Fantastic Beasts and Where To Find Them (Review)

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⭐⭐⭐⭐ (Excellent)

Director: David Yates
Starring: Eddie Redmayne, Katherine Waterston, Dan Fogler, Alison Sudol, Ezra Miller, Samantha Morton, Jon Voight, Carmen Ejogo, Ron Perlman, Colin Farrell, Johnny Depp
Certificate: 12A
Run Time: 133 mins

(POTENTIAL SPOILERS AHEAD)

‘Fantastic Beasts and Where To Find Them’ has been greatly anticipated ever since it was announced and is a spin-off on the Harry Potter series. Although the film shares the same name as the textbook J.K. Rowling wrote and features the wizard Newt Scamander, the pen name Rowling wrote under, this is a completely different story to Harry Potter. This deals with Scamander (played by Eddie Redmayne) who arrives into New York City with a suitcase of these beasts which unfortunately escape and he has to retrieve them all with the help of Porpentina Goldstein (Katherine Waterston), a former Auror of MACUSA (the American equivalent to the Ministry of Magic), her telepathic sister Queenie (Alison Sudol) and Jacob Kowalski (Dan Fogler) who is a non-wizard, a No-Maj (American term for a Muggle) who is the audience’s port of call into this world and who we can empathise with. At the same time, MACUSA are trying to protect wizards from humans as there are several circumstances where non-wizard territories are attacked by a strange presence with Percival Graves (Colin Farrell) heading up this investigation and also a character called Mary Lou Barebone (Samantha Morton) is the leader of the New Salem Philanthropic Society, an organisation tasked with exposing and killing witches and wizards. In the director’s chair again is David Yates who was behind the last four Harry Potter films and also directed this Summer’s ‘The Legend of Tarzan‘ which I really liked. Yates is an accomplished director and knows this world very well so I’m confident he’ll do a good job. The cast assembled is also very strong and features some big names who hopefully will be able to do this content justice. J.K. Rowling herself has penned the screenplay for this film so we can be confident for another original story and also as this isn’t an adaptation of a novel, there aren’t any storylines for the director to cut out or change which I think will work in the film’s favour. Has the wait been worth it or is this just a cash grab to milk more money out of this lucrative franchise?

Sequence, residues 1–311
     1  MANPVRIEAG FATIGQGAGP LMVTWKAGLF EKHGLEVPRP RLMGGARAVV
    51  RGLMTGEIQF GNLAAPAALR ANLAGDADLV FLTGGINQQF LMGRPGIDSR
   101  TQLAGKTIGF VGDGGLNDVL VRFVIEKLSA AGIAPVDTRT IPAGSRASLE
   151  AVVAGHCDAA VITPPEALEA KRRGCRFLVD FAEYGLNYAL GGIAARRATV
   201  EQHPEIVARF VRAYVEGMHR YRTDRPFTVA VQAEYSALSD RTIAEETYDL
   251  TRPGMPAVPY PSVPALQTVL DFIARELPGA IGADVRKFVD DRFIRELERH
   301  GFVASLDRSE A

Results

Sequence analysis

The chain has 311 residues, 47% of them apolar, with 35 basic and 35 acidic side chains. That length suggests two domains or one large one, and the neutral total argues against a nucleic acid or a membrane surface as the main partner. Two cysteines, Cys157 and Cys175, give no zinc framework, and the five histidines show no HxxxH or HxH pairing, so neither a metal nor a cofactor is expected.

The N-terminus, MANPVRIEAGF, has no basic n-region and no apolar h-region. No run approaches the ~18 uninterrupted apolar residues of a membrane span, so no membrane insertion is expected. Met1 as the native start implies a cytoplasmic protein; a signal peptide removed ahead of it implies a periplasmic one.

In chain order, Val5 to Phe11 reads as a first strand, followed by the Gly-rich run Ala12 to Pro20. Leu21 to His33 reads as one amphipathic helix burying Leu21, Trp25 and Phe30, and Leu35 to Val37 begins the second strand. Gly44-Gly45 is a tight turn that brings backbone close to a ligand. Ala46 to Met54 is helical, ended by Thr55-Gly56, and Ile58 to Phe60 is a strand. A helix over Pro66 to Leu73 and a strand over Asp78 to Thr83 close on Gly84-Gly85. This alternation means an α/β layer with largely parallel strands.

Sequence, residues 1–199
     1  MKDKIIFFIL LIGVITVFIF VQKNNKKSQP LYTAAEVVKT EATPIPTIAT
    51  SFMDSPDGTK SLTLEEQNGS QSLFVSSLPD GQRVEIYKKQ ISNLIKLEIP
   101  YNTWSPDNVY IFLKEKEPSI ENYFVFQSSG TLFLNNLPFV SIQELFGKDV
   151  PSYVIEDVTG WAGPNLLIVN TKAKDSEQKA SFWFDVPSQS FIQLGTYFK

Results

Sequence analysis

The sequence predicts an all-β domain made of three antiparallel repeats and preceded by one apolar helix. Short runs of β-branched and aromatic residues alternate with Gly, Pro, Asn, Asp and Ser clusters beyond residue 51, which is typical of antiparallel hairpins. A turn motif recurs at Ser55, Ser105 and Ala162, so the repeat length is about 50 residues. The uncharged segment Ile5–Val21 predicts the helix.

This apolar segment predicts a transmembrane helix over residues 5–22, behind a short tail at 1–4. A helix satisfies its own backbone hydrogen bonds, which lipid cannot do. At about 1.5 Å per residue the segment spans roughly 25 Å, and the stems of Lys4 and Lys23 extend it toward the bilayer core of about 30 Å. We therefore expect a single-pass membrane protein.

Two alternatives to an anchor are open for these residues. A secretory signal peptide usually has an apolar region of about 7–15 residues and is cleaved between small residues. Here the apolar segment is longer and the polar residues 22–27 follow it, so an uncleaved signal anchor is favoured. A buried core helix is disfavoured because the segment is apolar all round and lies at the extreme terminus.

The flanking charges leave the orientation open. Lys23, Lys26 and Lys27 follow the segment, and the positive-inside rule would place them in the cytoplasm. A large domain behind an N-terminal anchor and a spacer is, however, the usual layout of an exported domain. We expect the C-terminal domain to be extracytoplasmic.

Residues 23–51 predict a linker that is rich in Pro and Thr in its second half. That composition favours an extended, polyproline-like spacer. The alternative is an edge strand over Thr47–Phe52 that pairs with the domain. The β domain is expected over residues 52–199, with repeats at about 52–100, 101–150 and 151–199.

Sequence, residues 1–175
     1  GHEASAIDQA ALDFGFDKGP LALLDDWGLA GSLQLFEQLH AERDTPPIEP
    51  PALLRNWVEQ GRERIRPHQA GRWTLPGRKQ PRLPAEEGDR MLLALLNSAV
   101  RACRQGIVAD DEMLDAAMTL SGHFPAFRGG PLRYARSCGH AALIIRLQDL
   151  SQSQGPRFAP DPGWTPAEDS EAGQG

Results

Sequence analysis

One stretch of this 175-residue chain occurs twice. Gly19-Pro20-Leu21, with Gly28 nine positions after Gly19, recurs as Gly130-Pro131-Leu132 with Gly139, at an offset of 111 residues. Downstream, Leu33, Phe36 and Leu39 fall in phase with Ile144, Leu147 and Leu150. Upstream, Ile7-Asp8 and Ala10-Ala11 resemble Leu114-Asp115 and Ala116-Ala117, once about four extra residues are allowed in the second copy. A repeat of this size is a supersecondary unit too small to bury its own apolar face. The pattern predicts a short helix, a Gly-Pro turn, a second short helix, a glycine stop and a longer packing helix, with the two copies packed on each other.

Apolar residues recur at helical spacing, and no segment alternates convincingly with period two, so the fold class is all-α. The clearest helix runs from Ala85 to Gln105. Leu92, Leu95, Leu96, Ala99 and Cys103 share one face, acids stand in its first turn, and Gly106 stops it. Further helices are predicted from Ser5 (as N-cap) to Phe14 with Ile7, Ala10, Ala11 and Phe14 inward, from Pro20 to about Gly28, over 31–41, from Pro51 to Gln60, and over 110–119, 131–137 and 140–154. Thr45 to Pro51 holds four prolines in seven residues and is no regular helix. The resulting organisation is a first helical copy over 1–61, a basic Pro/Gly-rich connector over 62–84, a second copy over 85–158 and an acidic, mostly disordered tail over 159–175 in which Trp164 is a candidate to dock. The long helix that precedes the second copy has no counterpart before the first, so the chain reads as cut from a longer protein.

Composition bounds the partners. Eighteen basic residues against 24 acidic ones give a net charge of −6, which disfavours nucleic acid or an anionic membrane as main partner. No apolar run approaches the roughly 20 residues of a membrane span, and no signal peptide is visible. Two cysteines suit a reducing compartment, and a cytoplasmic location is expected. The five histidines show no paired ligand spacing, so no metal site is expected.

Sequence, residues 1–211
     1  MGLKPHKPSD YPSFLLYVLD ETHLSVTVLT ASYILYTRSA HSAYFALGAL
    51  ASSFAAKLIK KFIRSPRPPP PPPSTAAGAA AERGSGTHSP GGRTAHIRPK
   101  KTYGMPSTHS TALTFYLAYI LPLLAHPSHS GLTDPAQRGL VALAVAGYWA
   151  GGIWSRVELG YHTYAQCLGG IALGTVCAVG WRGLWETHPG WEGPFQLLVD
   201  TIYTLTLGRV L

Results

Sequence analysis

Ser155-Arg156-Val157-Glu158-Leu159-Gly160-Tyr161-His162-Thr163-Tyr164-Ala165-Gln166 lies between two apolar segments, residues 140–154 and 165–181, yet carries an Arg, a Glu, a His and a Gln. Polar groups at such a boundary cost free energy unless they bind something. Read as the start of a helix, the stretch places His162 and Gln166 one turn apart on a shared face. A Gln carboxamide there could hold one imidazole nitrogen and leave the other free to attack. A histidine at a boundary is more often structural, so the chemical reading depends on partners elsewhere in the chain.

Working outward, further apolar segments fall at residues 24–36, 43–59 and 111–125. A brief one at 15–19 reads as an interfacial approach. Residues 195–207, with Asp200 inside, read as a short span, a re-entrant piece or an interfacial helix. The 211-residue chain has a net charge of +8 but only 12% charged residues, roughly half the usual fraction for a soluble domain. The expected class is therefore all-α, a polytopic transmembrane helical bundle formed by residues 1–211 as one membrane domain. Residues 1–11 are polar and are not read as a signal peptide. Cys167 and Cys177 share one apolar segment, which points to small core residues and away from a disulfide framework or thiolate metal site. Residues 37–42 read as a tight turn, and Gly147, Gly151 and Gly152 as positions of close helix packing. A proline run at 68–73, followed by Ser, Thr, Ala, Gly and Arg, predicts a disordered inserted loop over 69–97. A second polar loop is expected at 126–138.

‘Fantastic Beasts and Where To Find Them’ is an extremely well-directed film which features some great performances and superb character development. The story is exceptionally well-crafted (did we ever not have faith in Rowling in this department?) and I’m especially impressed that the film that we got is a very different one compared to what the trailers suggested – the film has a lot of surprises and twists and storylines that were not shown in the trailers and this is a very strong move. Yates continues to impress me with his direction and again, is a great match for this material and there are numerous sequences that are perfectly crafted which he is able to conjure a very atmospheric tone. Yates may well have his naysayers but I strongly disagree. The tone Yates goes for is very well judged and the film is very dark for a 12A, perhaps more so than the Harry Potter series and he manages to blend darkness, spectacle and humour perfectly. The film however is a little heavy-handed when it comes to romance. Another flaw the film battles is due to the amount of content it has to set up, the first hour is a little uneven compared to the second half when the film fully lets rip but the film is always very engaging and entertaining. This film is the first of what is envisaged to be a 5-film franchise which I would be really interested in but I do think there are some problems that this film sets up for the second film.